Harassment or a technical issue, Jamisha, rushed out of court as she was, contends she walked out of jail June 14 with no instruction or written documentation on the terms and conditions of her release, no instruction on what she had to do to remain in compliance.

On Thursday, June 20, an in-custody review hearing was held and Nevarez said she was ordered to pay $1,000 for a bond violation and an additional $500 bond on top of the $800 bond she posted for her release May 31. She said she was also required to stay in the state and sign an extradition waiver. She underwent two psychiatric assessments on Friday with results pending and she must undergo random drug and alcohol tests six times per month. A competency evaluation review is set for 2 p.m. Friday, July 19.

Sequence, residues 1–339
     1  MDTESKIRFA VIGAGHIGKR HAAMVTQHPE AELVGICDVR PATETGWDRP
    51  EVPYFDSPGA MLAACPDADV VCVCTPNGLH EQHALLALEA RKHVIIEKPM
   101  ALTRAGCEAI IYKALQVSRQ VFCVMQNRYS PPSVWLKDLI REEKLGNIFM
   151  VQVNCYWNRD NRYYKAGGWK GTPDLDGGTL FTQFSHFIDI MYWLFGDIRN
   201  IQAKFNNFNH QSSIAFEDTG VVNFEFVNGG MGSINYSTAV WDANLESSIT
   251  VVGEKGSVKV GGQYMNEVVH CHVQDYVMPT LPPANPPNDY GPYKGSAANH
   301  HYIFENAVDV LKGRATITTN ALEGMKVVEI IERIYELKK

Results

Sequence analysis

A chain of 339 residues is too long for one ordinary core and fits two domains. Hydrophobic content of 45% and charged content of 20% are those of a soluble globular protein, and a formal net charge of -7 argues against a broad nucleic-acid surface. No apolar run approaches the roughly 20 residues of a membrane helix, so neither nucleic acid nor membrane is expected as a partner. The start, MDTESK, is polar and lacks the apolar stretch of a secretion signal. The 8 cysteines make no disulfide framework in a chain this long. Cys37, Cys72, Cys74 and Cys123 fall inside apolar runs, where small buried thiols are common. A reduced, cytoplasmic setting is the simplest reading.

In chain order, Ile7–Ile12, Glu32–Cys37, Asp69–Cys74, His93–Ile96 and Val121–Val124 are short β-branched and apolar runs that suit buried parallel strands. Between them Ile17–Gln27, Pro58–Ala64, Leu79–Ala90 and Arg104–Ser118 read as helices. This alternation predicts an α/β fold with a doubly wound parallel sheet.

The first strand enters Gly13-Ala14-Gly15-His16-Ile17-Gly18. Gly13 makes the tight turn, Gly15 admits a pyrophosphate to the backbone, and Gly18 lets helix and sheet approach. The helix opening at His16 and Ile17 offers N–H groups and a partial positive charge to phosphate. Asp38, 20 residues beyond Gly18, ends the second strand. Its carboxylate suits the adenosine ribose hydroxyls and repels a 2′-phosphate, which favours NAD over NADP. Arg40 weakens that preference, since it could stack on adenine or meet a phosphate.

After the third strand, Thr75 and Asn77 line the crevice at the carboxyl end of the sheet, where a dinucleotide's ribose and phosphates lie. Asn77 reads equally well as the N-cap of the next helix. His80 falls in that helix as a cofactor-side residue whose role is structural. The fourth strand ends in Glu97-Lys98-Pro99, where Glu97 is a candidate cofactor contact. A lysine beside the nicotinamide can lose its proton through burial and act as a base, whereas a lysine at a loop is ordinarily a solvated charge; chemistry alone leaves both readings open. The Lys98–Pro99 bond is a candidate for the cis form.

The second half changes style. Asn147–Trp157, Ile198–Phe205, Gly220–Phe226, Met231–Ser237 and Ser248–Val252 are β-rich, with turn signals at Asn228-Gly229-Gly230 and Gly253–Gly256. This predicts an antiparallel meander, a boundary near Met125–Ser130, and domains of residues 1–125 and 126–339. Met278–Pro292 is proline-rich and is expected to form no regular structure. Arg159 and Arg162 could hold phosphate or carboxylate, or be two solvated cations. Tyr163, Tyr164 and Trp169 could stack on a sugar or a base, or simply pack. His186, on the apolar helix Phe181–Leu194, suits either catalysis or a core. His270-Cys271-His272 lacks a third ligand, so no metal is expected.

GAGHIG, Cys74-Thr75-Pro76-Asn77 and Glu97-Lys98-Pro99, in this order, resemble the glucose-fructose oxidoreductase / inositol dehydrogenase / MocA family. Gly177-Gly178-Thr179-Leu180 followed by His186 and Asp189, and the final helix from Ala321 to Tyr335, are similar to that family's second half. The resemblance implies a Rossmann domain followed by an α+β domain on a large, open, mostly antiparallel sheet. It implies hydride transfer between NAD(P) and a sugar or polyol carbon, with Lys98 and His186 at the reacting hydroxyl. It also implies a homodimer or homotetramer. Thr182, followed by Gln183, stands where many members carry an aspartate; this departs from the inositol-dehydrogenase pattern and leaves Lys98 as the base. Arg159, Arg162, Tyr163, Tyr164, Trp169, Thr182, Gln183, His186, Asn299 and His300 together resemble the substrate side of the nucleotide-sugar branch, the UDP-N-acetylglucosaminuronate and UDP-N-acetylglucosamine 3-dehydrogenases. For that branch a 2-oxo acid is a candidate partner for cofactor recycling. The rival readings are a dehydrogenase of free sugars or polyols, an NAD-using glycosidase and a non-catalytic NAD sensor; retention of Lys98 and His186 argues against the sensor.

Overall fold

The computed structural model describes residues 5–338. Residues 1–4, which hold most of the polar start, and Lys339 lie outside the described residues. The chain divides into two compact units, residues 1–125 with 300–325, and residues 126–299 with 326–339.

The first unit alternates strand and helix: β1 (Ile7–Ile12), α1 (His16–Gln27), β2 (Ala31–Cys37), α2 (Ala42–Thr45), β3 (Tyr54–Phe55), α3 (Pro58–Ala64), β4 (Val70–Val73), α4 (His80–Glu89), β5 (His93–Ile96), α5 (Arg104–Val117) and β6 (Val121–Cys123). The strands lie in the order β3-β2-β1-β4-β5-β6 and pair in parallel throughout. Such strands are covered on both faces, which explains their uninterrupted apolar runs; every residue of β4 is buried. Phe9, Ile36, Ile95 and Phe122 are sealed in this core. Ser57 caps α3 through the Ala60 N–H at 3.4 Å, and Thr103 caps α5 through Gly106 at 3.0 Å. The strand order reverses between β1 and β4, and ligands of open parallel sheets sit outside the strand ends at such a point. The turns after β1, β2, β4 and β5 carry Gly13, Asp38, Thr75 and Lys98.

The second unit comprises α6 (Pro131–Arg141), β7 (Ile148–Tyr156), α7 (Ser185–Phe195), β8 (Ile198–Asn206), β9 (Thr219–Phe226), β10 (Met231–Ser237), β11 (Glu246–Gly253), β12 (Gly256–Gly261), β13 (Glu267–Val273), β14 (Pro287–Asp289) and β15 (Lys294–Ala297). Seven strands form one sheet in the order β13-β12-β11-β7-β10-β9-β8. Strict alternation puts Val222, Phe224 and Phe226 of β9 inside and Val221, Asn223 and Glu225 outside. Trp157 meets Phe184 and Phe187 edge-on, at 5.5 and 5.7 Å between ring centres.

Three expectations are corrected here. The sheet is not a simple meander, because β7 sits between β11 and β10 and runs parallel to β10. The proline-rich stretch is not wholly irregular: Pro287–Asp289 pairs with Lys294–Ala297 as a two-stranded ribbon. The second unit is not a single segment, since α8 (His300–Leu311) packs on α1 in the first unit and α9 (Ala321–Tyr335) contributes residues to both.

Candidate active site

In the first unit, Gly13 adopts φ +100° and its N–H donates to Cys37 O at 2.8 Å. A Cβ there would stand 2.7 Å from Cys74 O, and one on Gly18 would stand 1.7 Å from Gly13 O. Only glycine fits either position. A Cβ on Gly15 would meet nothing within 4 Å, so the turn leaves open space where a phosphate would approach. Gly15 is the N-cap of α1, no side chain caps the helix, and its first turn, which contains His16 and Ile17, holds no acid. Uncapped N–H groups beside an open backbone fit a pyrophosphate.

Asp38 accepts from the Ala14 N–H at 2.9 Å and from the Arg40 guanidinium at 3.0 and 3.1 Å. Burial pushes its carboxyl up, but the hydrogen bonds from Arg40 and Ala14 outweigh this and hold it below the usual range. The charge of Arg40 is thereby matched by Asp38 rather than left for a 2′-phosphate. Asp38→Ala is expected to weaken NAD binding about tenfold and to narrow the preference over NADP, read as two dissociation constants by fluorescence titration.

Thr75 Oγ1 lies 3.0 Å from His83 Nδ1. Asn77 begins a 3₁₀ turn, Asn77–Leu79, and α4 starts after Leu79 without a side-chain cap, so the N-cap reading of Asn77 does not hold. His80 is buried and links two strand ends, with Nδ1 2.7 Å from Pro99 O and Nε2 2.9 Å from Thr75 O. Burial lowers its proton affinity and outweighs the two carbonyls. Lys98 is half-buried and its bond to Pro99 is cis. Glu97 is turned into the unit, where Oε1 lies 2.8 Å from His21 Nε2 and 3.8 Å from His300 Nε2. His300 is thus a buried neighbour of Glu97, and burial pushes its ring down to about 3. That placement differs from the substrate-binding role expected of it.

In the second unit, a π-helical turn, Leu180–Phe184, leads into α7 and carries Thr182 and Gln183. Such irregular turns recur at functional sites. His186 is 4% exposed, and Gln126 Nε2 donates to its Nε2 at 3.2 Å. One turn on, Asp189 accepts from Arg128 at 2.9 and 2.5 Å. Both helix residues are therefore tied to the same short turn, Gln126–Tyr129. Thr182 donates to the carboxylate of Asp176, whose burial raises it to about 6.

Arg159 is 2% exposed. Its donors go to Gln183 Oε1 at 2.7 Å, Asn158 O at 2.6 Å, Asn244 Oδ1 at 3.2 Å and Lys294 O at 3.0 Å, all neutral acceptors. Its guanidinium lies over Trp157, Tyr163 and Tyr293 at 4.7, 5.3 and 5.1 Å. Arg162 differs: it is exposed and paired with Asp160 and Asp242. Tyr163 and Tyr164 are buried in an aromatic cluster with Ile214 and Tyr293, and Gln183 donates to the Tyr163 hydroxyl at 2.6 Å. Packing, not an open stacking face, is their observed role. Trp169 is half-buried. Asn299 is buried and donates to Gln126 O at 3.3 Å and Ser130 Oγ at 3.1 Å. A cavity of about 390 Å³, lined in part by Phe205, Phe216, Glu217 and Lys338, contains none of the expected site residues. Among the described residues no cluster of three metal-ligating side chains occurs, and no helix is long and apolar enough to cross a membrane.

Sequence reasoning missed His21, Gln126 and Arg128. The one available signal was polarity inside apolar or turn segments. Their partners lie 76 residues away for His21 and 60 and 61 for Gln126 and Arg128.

The maximum penalty for the misdemeanors she’s charged with is up to six months in jail and/or a $500 to $1,000 fne for trespassing and up to one year and/or a fine not to exceed $1,000 for resisting and obstructing.

Meanwhile, questions she raised at the seniors center during her brief tenure as CEO seem forgotten. Where are the accurate books the previous board should have kept? The funds that should be on hand but allegedly aren’t? Where are the records required by multiple federal agencies?

What became of the independent legal, regulatory and financial audits she worked to schedule, audits few firms were interested in providing, allegedly due to issues of compliance by the previous board?

Answers are hard to come by.